The show drew a 1.0 adults 18-49 rating, making it the lowest-rated show on a major broadcast network on September 27 night.
"Lone Star" officially becomes the first show that suffers the casualty of broadcast season this Fall. The premiere on September 20 surprisingly only absorbed 4.1 million viewers and creator Kyle Killen had taken a desperate measure to ensure people watch the sophomore episode. Despite Killen's urge for people to tune in, the number tanked lower to 3.2 million.
In place of the unfortunate show, the third season of "Lie to Me" will be premiered earlier than scheduled. The procedural drama was supposed to begin airing in November on Wednesday nights but it will now occupy the Monday 9/8c slot.
For one, "Lone Star" is not a bad drama, review-wise. Metacritic said "if this isn't the best-received pilot of the season, it's close" while The A.V. Club called it "the best network pilot of the year". The "Lone Star" promotional effort is not to be blamed as well, for its logo and posters had been gracing online medias in the past few weeks.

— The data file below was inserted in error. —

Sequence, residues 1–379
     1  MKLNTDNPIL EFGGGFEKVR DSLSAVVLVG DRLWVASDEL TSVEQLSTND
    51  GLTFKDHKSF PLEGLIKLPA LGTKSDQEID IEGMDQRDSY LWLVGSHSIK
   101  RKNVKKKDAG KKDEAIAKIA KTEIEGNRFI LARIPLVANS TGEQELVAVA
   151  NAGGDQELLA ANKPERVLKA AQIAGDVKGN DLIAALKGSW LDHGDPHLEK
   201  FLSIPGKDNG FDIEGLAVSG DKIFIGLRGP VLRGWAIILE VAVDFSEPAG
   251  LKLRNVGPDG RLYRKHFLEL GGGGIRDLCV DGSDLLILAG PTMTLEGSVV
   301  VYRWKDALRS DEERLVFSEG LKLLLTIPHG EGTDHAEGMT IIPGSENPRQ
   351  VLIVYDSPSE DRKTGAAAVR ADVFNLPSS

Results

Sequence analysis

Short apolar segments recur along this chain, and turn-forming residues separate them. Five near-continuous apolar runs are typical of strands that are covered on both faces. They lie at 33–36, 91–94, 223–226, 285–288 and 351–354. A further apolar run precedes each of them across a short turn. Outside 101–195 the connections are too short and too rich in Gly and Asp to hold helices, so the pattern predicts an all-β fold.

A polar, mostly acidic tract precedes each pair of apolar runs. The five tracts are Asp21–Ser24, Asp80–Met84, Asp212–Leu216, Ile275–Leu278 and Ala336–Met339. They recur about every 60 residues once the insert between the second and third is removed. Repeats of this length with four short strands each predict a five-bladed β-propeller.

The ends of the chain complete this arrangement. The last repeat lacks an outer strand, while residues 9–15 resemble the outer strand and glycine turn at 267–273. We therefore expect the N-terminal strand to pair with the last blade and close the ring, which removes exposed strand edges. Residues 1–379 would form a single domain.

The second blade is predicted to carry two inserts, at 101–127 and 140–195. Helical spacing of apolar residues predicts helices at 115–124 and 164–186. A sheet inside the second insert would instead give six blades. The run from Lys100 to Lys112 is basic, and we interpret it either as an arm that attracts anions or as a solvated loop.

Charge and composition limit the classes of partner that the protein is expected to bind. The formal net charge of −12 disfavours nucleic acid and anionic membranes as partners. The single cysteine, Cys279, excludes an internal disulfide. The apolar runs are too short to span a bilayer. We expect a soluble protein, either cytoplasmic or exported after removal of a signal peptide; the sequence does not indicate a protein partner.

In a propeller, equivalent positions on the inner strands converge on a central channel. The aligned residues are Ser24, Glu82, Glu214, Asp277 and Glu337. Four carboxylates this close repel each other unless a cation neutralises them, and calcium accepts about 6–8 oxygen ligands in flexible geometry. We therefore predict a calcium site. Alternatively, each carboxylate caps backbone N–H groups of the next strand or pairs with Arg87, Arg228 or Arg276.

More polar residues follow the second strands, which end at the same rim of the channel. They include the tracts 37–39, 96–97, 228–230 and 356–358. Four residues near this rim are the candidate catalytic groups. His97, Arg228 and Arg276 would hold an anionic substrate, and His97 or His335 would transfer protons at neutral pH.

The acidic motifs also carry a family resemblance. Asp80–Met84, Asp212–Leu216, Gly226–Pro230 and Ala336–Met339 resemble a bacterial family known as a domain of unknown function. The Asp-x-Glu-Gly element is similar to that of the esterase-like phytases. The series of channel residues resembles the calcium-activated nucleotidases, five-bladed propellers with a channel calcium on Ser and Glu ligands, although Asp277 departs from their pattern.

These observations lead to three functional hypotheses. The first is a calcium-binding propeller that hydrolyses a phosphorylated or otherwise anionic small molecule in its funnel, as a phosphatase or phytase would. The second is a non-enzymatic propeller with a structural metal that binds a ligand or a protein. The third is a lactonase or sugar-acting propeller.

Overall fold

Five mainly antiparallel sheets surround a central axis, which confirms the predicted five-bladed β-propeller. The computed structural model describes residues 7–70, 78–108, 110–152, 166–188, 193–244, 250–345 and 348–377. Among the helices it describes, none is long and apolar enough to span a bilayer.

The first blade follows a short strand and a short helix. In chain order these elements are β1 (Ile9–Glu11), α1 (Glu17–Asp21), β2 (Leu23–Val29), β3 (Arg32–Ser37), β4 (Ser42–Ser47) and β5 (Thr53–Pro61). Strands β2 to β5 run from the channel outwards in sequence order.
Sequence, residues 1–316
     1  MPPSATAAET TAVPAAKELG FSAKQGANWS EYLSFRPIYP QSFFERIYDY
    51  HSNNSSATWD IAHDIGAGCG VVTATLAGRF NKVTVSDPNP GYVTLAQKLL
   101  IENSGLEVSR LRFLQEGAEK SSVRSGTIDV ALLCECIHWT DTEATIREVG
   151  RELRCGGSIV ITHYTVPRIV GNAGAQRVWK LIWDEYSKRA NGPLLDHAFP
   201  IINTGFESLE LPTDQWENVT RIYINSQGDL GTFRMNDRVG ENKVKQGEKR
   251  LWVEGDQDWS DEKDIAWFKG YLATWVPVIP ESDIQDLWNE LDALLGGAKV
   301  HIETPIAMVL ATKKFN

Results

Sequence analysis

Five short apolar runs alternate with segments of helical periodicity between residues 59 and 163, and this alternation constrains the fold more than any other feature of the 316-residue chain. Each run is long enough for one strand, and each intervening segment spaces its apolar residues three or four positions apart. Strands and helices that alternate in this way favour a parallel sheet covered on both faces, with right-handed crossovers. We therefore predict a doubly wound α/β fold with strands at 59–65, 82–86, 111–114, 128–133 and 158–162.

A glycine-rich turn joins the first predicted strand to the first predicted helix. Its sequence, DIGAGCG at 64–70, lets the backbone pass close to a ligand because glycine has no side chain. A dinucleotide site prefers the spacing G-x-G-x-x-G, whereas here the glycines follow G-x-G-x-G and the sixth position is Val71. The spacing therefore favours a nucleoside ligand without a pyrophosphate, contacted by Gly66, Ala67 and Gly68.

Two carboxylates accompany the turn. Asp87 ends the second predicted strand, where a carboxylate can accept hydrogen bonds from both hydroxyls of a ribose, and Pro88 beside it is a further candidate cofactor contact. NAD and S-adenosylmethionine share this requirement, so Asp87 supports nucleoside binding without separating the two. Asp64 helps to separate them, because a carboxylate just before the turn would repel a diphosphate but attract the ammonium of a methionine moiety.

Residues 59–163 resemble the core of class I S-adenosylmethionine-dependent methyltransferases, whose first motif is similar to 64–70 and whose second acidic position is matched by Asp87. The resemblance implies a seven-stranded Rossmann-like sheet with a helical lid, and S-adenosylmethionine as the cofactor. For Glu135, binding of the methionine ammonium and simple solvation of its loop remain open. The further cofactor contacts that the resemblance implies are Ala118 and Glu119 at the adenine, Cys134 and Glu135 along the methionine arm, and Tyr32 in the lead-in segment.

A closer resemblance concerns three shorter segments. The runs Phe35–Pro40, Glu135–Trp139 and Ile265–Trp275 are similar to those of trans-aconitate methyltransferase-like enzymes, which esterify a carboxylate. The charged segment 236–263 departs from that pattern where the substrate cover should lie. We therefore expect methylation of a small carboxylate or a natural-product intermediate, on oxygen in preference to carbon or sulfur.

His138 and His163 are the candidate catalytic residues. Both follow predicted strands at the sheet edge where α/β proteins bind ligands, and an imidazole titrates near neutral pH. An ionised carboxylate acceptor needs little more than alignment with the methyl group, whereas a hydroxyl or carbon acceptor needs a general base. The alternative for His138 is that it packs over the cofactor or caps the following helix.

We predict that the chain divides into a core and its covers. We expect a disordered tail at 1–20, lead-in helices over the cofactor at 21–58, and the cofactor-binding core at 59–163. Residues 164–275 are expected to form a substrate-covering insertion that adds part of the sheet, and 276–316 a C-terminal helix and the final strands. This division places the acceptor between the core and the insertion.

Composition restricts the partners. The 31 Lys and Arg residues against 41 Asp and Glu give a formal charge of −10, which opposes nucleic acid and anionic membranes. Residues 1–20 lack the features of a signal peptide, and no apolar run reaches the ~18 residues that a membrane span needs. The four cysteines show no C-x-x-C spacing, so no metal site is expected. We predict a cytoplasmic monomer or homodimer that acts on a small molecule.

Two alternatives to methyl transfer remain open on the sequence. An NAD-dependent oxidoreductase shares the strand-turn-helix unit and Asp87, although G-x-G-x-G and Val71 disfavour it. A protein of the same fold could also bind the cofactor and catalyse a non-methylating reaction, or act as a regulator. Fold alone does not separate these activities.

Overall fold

Revealing what he thought would be the cause, Killen talked to Los Angeles Times before the cancellation. "Premiere week looked like a lot of speeding trains on the same track, with lots of carnage and wreckage," he thought. "And Monday turned out to be a surprisingly difficult night. There are really strong returning shows and a heavily hyped new show. I think we got lost - we got missed by a huge swath of America."
"Lone Star" is not the only show in jeopardy. "The Whole Truth" only took 4.9 million viewers while fellow ABC show "My Generation" drew 5.2 million. "Outlaw" on NBC is not doing well either, withdrawing 4.9 million viewers which is still comparably better than "The Apprentice" with 3.8 million.